Worst States For the Rich to Die

Benjamin Franklin, in his letter to Jean-Baptiste Leroy (13 November 1789), wrote: “Our new Constitution is now established, and has an appearance that promises permanency; but in this world nothing can be said to be certain, except death and taxes.” Little did Franklin know or even imagine that the government he fought for and helped establish would, in an ingeniously perverse stroke, combine both death and taxes in the DEATH TAX.
For the one who’s dying, there is no good state in which to die; but some states are better than others for the surviving inheritors.

Estate Taxes: The Worst Places to Die
By Bill Bischoff – Smart Money – Feb 21, 2011
With the new $5 million federal estate tax exemption for 2011 and 2012, most folks are blissfully free of any federal estate tax worries (for now). That’s the good news. The bad news: Twenty states and the District of Columbia impose estate or inheritance taxes that kick in below the $5 million mark, and some kick in below $1 million. If you live in one of these places, your estate can be exempt from the federal death tax but still exposed to state death taxes.
Hawaii and North Carolina have $5 million exemptions, but estates worth over that amount will be hit with both the federal estate tax and the state version.
Here’s the story on the worst places to die from an estate tax perspective.
16 States and DC Have Estate Taxes
The sixteen states and the District of Columbia, which impose their own estate taxes (as opposed to inheritance taxes, which I will explain later) base their taxes on the entire value of an estate in excess of the applicable exemption.
The exemptions vary from a low of $338,333 to a high of $5 million. Specifically:
• Three states have exemptions of less than $1 million (Ohio at $338,333; New Jersey at $675,000; and Rhode Island at $850,000).
• Six states have $1 million exemptions (Maine, Maryland, Massachusetts, Minnesota, New York, and Oregon), and so does D.C.
• Three states have $2 million exemptions (Illinois, Vermont, and Washington)
• Two states have $3.5 million exemptions (Connecticut and Delaware).
• Two states have $5 million exemptions (Hawaii and North Carolina).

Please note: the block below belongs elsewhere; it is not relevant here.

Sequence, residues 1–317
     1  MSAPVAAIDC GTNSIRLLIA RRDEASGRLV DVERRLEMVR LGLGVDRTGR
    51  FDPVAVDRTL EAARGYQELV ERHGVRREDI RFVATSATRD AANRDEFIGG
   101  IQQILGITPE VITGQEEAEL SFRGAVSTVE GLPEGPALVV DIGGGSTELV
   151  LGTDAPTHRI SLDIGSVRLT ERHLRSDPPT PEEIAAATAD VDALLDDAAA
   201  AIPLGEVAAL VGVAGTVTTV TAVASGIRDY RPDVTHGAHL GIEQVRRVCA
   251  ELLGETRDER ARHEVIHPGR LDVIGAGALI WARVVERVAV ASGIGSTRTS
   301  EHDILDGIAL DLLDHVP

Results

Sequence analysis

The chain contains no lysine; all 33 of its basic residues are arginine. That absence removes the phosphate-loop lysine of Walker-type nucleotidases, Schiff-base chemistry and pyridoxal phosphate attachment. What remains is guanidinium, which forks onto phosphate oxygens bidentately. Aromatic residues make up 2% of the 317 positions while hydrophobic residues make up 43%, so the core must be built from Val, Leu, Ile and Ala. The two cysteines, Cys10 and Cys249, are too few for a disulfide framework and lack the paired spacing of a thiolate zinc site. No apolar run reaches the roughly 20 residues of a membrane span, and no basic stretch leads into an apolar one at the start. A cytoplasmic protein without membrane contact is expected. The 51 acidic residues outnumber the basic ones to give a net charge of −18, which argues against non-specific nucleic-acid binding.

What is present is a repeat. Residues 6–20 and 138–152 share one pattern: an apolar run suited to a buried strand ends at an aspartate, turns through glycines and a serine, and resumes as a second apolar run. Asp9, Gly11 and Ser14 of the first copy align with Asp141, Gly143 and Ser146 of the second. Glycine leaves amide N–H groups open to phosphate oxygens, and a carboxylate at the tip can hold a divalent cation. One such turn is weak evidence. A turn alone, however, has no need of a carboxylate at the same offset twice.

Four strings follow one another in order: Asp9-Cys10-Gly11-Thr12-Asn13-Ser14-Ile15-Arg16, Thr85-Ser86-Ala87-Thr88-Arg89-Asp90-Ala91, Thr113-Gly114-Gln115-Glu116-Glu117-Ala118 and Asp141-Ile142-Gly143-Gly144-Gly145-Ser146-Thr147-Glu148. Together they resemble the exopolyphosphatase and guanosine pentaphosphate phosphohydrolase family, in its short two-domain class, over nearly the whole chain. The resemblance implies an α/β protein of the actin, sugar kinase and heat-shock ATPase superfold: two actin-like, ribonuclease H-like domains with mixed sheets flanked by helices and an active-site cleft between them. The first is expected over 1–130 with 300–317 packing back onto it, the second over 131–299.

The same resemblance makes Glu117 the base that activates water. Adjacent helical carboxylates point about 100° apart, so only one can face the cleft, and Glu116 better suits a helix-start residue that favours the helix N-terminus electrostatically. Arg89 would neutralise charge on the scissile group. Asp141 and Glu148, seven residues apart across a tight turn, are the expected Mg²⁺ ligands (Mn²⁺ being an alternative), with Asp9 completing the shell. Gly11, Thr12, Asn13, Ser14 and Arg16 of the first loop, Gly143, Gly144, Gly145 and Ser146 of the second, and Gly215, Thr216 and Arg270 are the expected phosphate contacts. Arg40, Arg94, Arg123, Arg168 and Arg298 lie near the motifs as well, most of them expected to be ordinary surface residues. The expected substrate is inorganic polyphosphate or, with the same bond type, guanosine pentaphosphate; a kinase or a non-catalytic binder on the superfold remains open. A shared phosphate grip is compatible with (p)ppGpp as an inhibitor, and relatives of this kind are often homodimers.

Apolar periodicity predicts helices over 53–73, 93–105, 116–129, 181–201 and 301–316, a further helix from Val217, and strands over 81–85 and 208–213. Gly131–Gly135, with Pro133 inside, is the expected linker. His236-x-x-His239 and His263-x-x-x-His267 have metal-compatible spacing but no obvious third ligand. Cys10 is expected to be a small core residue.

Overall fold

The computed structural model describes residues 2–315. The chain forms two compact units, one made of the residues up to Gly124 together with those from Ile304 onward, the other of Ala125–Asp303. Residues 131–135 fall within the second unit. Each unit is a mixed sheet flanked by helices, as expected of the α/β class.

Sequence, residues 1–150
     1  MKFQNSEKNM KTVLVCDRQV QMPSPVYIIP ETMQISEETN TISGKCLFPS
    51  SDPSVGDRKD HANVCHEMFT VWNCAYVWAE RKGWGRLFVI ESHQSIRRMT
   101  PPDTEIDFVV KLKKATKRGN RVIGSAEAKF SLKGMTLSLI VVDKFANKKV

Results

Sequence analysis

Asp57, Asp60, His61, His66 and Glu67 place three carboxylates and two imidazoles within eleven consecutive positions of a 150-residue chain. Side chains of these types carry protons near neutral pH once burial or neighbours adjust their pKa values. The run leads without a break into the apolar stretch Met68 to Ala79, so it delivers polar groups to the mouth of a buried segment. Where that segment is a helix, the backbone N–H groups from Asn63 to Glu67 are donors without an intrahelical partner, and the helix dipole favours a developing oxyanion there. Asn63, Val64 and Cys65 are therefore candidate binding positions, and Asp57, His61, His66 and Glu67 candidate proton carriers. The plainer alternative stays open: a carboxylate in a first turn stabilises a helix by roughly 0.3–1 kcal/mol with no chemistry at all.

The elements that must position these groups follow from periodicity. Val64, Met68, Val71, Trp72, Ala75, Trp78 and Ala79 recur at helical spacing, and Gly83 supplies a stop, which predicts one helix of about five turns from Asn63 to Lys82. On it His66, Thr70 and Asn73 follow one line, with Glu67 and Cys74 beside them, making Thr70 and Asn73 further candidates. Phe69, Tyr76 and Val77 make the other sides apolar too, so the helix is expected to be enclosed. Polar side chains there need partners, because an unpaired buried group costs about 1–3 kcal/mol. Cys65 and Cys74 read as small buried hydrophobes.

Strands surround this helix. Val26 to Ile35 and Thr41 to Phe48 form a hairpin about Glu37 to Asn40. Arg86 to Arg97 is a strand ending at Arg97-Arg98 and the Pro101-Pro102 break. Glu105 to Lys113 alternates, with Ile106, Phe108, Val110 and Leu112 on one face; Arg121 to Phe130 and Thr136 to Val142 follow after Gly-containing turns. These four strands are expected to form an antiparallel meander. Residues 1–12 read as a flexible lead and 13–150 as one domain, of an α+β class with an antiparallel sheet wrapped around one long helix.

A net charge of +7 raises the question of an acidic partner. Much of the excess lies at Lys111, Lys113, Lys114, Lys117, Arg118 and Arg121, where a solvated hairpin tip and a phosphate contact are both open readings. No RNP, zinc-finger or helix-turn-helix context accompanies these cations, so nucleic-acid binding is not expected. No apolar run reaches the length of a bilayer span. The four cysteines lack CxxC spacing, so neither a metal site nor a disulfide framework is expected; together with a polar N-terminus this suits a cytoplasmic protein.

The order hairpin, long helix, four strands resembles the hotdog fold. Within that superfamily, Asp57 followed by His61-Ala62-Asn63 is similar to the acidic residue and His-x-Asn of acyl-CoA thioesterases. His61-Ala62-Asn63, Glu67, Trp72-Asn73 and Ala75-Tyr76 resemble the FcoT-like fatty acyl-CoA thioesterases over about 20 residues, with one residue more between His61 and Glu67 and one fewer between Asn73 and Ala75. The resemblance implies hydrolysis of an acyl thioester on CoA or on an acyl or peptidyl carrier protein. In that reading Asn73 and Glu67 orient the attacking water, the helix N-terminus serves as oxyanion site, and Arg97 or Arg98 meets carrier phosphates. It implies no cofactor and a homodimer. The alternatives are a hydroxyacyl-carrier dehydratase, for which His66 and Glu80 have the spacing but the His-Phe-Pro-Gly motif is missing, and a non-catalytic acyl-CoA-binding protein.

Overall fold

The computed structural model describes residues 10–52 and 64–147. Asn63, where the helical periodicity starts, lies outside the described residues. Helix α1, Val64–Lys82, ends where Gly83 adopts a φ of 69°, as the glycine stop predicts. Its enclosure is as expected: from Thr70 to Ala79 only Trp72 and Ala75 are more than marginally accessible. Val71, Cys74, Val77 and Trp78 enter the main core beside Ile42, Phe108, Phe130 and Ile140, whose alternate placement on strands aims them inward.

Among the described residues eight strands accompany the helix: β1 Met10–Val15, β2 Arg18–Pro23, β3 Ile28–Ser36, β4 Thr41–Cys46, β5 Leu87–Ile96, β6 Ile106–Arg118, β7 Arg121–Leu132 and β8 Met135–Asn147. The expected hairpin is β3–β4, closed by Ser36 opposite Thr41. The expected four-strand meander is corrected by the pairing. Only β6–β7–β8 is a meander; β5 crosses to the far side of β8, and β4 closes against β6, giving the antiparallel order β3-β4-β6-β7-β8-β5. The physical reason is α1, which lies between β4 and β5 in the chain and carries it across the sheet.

The lowest tax rates are 7% (Ohio) and 12% (Connecticut). The highest is 19% (Washington). The other 13 states and D.C. all charge 16%.
6 States Have Inheritance Taxes
Six states impose only inheritance taxes, which are assessed on the value of specific inherited assets in excess of the applicable exemption (estate tax is assessed on the entire value of an estate in excess of the applicable exemption).
The inheritance tax exemptions are zero or negligible — except in Tennessee which has a $1 million exemption.
The tax rates are 9.5% in Tennessee, 15% in Iowa and Pennsylvania, 16% in Kentucky, 18% in Nebraska, and 20% in Indiana.
Worst Case: 2 States Have Both
Maryland and New Jersey raise confiscation to a higher level by charging both an estate tax and an inheritance tax. In Maryland, the inheritance tax exemption is a whopping $150 and the tax rate is 10% (in addition to the 16% estate tax rate). In New Jersey, the inheritance tax exemption is zero and the tax rate is 16% (in addition to the 16% estate tax rate).
The Other 28 States Have No Estate or Inheritance Taxes
The 28 states NOT listed above have no estate or inheritance taxes. They are better places to die.
How the Taxes Add Up
Thankfully, the federal and state tax rates are not just stacked on top of each other.
• If you live in Maryland or New Jersey, the state inheritance tax is subtracted from the value of the estate before calculating the state estate tax.
• State inheritance and estate taxes are subtracted from the value of the estate in calculating the federal estate tax.
Despite these subtractions, you can wind up with some pretty horrific effective combined tax rates when you account for federal and state estate taxes and inheritance taxes. The effective combined rates range from a low of 39.6% in Ohio to a high of 54.1% in New Jersey. These are the maximum rates that would apply to estates worth over $5 million. For instance, if you die in New Jersey with a $15 million estate, the combined federal and state tax hit on the $10 million excess over the federal exemption would be $5,410,000. Ouch!
The Bottom Line
The worst place to die is New Jersey with a combined effective estate and inheritance tax rate of 54.1%. Congrats to the Garden State! In second place is Maryland at 50.9%. Good try! In fact, none of the states mentioned here are good places to die, but some are significantly worse than others. Most of the states listed here are not good places to live either from a tax perspective because they sock it to you with income, property, and sales taxes while you’re still kicking.
Taxes are a big part of the reason why New York and New Jersey are losing population, while low-tax states like Florida and Texas are gaining. People will vote with their feet when all else fails. Just don’t wait too long to vote!

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Candance Moore
Candance Moore

They taxed the paychecks people earned to get that money. They taxed retail transactions when those people had to spend part of it to buy food and clothing. Every single year they taxed property that was bought with the after-tax income. And when they die, the government takes half of whatever they had left.
Why don’t progressives get it over with already and just say they want to seize every dollar we have.


You’re absolutely right Steve! The money you make, or any that you save is worth exactly zero. Even, less than zero.
Reminds me off that old song ‘You move sixteen tons, what do’ya get, another day older and deeper in debt.’